Safe Routes Successes - Education

Linking nutrition programs with Safe Routes to School’s focus on physical activity is enabling schools in Orange County, Fla., to target school wellness.

In 2006, Muscle Powered, a local walking and bicycling advocacy group in Carson City, Nev., initiated a project to pilot a Walk to School program at two elementary schools using a $12,000 grant from the Nevada Office of Traffic Safety.

The Smyrna School District and the Town of Smyrna identified the goal of improving safety for children who already were walking and bicycling to school.

Skinner Road School is in Vernon, Conn. As a kindergarten to fifth grade school, it supports 330 racially and economically diverse students.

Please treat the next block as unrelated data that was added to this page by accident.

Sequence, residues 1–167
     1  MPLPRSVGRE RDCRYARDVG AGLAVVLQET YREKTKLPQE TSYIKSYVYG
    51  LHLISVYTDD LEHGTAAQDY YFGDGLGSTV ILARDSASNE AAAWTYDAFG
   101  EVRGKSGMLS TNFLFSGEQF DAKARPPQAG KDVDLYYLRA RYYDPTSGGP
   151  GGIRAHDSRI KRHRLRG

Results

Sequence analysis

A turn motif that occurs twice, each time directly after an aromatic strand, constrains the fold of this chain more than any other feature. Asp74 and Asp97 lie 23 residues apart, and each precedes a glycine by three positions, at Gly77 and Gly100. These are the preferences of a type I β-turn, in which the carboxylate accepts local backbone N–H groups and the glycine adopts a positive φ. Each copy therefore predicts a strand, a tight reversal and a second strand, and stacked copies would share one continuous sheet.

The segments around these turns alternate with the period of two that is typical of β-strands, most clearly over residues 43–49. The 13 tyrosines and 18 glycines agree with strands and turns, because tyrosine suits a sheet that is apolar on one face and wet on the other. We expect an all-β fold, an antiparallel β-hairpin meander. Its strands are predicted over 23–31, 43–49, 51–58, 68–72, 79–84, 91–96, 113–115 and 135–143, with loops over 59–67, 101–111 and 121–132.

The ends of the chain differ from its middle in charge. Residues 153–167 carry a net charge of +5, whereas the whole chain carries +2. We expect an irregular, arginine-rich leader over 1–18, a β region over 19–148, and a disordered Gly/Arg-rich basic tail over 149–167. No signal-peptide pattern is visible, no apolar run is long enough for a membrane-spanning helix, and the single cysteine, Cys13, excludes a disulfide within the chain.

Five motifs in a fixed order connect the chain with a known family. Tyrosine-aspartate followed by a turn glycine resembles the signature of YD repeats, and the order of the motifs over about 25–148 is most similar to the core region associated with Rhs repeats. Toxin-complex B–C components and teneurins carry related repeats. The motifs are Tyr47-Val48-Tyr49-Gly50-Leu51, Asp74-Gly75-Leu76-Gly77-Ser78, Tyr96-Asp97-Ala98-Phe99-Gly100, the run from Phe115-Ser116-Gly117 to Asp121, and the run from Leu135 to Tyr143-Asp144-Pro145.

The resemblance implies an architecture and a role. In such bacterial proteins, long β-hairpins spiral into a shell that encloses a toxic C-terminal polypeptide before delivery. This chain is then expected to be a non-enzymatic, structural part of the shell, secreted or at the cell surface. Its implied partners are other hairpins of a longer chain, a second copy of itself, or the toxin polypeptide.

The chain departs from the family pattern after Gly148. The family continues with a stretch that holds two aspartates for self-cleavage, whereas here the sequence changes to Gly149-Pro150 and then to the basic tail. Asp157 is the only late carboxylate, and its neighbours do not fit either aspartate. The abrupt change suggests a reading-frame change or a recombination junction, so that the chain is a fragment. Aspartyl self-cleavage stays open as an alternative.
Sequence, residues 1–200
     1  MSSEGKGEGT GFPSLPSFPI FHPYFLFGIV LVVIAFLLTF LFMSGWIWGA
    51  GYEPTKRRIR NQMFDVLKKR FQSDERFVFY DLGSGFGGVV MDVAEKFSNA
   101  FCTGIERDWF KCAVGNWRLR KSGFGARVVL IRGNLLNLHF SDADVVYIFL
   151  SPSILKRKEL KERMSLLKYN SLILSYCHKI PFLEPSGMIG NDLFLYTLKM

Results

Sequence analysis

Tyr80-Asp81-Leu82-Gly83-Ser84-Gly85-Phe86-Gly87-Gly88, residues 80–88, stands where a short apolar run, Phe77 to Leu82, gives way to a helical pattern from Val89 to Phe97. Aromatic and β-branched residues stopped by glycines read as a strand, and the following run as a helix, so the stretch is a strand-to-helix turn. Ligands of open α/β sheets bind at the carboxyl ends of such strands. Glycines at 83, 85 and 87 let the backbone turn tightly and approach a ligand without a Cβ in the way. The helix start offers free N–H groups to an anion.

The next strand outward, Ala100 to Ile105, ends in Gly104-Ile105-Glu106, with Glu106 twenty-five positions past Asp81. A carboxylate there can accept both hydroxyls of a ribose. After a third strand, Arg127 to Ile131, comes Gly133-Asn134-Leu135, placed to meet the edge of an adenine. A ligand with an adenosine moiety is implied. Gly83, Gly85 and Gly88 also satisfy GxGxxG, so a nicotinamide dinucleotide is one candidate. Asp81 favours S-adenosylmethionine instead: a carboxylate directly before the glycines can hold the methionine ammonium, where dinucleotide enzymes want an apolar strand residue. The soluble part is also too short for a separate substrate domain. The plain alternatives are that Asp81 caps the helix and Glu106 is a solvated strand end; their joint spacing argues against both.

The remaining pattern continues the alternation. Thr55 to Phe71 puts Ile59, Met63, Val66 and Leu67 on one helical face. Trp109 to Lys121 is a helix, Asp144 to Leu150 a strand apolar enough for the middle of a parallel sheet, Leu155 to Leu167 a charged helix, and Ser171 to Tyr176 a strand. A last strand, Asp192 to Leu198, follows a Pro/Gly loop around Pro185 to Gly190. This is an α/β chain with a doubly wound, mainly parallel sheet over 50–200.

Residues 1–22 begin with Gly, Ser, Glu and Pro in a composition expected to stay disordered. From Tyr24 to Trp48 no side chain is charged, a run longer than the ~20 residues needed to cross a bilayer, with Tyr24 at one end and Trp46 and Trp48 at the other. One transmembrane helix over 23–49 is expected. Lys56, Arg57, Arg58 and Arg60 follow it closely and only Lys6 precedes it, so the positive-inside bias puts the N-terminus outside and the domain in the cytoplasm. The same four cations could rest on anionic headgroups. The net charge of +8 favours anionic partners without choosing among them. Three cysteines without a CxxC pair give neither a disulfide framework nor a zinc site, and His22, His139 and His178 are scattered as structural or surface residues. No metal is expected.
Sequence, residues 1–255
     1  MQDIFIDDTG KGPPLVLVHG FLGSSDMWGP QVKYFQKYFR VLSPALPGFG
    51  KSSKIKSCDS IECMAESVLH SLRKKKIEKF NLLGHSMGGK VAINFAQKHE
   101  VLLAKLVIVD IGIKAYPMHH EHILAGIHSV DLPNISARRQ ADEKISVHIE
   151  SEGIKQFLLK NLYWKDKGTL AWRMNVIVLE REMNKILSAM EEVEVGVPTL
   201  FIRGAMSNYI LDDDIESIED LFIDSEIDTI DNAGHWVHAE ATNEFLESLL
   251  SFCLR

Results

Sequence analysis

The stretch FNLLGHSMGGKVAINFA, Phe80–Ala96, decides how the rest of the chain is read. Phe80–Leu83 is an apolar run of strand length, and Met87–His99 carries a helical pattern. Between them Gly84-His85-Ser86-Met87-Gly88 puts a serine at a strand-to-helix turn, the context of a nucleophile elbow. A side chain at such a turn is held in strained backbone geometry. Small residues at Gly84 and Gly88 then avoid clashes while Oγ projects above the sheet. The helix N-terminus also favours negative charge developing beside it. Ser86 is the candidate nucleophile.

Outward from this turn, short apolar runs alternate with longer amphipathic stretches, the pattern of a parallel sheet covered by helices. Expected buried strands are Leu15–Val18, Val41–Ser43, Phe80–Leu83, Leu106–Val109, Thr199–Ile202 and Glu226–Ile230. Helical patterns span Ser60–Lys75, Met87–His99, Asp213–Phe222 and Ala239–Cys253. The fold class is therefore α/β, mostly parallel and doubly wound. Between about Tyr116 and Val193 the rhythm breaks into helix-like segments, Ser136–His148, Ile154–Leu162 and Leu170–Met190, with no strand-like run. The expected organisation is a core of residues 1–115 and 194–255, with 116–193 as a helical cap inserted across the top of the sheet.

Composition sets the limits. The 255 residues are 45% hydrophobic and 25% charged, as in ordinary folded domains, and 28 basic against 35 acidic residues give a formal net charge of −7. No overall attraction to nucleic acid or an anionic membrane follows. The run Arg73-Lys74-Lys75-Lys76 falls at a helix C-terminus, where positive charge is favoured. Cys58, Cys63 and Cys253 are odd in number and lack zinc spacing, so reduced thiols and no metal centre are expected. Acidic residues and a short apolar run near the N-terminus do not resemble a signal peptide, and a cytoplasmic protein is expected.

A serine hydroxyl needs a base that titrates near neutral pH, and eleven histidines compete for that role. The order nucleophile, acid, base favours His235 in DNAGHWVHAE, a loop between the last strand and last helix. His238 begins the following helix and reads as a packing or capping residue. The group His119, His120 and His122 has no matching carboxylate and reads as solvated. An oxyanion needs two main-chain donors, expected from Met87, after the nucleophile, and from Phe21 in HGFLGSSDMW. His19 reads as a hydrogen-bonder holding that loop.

The City of Holladay, Utah, decided to incorporate a Safe Sidewalks program into its city plans in 2003.

In Tell City, IN, a $250,000 award in Safe Routes to School (SRTS) funds from the Indiana Department of Transportation (IDOT) and a $29,347 grant from the city will fund a 1.2 mile pedestrian and bicycle sidewalk system

In 1995, the Auburn School District linked concerns about the high cost of transportation and increased childhood obesity to create cooperation that has led to 20 percent of its district’s students walking to school.

Roosevelt Middle School and the surrounding community of Eugene, Oregon, have successfully developed a team of community organizations committed to providing Safe Routes to School (SRTS) for children.

The first SRTS programs began at MacKinnon Middle and Duffy Elementary School, with the goal of encouraging more children to walk or bicycle to school.